Last Monday Google had a post on, of all places, Google Plus. The new head said that Google Plus will split to form Google Photos and Google Streams. You maybe asking “How does this affect brands?”
Well, Its still too early to tell. But if I had to guess, I would say it’s the beginning of the end of Google Plus. Might I remind you of Buzz, Wave and the list could go on and on. Google has a history of killing off under performing programs.
Google Plus always seemed to be the step child at Google. It had such potential when it launched in 2011. Many called it a Facebook competitor. At that time is was poised to take on the social giant. Over the next few years though new features were slow to show in the service.
Features that are the core of Google Plus is Photos and Hangouts. The Auto-Awesome and stories they created are probably the best on the net. It was a feature most of the public never heard about. I asked a few people, especially IOS people, and they gave you a blank stare.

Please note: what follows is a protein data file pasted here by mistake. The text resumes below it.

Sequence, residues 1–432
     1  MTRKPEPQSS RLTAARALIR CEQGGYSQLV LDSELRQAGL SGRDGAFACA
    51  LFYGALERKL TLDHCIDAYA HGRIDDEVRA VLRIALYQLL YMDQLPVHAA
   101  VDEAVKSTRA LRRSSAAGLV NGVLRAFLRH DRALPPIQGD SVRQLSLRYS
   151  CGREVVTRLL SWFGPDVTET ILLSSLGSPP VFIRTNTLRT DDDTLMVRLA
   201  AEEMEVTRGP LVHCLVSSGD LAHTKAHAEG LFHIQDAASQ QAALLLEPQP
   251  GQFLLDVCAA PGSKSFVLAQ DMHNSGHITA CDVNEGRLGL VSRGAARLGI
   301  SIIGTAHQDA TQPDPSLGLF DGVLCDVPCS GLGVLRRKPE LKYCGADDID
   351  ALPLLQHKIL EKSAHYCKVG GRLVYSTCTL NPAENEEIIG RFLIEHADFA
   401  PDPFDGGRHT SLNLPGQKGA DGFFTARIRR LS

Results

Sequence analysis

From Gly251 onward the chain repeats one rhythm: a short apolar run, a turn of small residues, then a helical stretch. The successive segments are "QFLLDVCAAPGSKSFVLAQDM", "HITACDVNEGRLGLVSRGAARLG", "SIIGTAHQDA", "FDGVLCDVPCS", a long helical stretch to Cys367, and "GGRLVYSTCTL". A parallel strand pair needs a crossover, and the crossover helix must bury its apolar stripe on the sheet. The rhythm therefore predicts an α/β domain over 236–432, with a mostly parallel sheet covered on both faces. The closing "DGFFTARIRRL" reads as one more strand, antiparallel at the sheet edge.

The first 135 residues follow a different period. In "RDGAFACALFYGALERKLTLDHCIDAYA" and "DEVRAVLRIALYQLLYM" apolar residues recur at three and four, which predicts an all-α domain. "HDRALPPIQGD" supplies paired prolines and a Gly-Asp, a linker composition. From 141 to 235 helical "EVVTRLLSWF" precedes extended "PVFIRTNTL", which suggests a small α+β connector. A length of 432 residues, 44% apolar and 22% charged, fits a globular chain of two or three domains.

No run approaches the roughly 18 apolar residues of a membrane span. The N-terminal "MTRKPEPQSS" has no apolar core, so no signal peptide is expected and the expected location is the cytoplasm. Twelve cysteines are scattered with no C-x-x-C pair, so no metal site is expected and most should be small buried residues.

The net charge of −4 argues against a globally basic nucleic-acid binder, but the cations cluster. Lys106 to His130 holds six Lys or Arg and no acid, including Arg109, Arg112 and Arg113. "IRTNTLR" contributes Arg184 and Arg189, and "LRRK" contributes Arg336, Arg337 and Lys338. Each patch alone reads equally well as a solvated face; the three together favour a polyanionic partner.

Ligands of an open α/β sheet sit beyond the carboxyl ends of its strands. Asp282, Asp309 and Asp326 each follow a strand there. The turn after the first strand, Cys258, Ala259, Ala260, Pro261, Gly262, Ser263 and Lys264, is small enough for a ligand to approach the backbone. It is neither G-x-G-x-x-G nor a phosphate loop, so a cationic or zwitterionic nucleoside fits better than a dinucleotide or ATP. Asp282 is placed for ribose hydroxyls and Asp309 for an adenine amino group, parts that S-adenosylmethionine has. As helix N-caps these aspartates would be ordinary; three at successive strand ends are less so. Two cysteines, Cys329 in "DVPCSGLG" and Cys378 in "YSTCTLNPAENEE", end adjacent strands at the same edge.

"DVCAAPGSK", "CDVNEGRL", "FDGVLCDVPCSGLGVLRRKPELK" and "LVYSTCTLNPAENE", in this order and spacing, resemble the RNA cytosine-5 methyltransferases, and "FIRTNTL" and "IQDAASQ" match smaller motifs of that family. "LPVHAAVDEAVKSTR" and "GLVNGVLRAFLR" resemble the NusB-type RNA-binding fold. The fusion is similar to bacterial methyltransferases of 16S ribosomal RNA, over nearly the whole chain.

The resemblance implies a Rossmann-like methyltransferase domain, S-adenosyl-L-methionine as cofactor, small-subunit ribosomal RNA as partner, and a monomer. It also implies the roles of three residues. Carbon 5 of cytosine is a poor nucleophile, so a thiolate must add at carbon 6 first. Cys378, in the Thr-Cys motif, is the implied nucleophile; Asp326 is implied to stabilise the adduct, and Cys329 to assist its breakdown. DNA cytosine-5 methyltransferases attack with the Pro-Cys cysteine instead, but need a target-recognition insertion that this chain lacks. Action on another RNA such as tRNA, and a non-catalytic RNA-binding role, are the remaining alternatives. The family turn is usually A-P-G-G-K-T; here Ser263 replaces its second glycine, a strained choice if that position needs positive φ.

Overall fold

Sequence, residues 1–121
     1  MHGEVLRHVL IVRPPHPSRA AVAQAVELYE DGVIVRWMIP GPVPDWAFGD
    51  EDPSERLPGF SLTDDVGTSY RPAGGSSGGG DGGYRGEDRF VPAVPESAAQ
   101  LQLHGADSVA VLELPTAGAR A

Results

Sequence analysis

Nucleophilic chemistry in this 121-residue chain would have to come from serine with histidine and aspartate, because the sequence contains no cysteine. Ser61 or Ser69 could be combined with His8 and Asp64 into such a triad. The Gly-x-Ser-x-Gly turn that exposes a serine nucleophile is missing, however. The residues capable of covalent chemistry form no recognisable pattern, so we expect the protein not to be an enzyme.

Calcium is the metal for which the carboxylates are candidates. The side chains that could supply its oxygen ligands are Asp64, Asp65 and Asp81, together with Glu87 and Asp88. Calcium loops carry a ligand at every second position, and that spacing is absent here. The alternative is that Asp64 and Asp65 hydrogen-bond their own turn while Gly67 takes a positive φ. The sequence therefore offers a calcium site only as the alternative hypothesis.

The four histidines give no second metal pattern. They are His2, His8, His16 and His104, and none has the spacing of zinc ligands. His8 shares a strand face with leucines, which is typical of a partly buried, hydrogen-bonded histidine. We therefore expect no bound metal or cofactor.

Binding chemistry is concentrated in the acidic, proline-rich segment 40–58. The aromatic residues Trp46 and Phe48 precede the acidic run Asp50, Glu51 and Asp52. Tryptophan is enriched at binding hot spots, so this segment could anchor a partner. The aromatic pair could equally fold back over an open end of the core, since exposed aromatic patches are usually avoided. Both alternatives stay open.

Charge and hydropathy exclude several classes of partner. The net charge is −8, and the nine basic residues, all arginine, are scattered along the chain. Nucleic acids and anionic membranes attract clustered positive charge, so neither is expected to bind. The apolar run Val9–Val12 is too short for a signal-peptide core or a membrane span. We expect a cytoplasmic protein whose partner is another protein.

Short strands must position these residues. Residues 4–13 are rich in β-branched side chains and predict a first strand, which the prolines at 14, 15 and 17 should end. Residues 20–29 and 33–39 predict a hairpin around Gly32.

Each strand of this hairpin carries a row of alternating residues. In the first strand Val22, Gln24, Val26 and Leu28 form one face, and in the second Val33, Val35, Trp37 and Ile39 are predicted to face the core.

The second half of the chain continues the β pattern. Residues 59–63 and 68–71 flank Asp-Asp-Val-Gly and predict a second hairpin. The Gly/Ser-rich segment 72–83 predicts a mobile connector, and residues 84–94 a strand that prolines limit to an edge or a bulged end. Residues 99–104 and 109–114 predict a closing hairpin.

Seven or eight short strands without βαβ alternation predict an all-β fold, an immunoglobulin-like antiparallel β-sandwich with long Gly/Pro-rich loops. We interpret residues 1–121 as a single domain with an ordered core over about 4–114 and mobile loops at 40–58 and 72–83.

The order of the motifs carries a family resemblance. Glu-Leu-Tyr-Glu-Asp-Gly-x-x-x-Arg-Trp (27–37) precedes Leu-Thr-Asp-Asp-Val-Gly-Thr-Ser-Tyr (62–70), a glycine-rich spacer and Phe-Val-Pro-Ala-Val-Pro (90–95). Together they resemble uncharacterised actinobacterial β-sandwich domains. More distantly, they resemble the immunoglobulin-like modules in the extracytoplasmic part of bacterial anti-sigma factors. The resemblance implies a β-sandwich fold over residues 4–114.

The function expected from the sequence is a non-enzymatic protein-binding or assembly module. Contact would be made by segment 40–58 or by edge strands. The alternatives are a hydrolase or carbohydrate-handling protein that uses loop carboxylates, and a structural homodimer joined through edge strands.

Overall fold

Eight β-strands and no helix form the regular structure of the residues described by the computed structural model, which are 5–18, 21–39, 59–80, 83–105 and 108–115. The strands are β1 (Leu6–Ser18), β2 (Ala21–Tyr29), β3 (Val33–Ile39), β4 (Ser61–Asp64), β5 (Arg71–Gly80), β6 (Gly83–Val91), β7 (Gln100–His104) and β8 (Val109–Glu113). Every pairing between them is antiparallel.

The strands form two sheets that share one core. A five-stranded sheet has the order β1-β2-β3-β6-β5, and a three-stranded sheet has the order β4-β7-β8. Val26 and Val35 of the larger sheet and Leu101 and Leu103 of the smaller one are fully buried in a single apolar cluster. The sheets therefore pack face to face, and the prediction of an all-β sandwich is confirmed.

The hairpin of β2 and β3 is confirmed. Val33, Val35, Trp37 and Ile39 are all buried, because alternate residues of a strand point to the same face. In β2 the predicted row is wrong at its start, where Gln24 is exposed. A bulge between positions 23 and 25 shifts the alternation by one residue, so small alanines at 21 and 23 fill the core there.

So what is a brand to do who has invested time? First, if you’re market revolves around Google, Android or similar tech. I think you won’t notice anything happening. If you’re outside of that market you need to start judging your goals. If you are accomplishing them on Google Plus keep it but if it starts to slip, it maybe time to rethink a Google Plus Strategy. I have advised clients that they should not count on the service as it is now. We should focus on Instagram, Pinterest and other emerging services.
I personally think this is Google slowly raising the white flag. They have lost the battle for social. Splitting services is never a good sign. Google Plus as we know it is done. One of the biggest issues I had was they never released a write API so third party apps could write to Google Plus. Also, they never released good analytics for pages. I hate to say this but Facebook had amazing stats compared to Google. Google has Analytics and could have ported a version to Pages for insights. But that never happened.
Thanks Google Plus for the memories. In 10 years we will be sitting around an event going “Hey remember Google+?”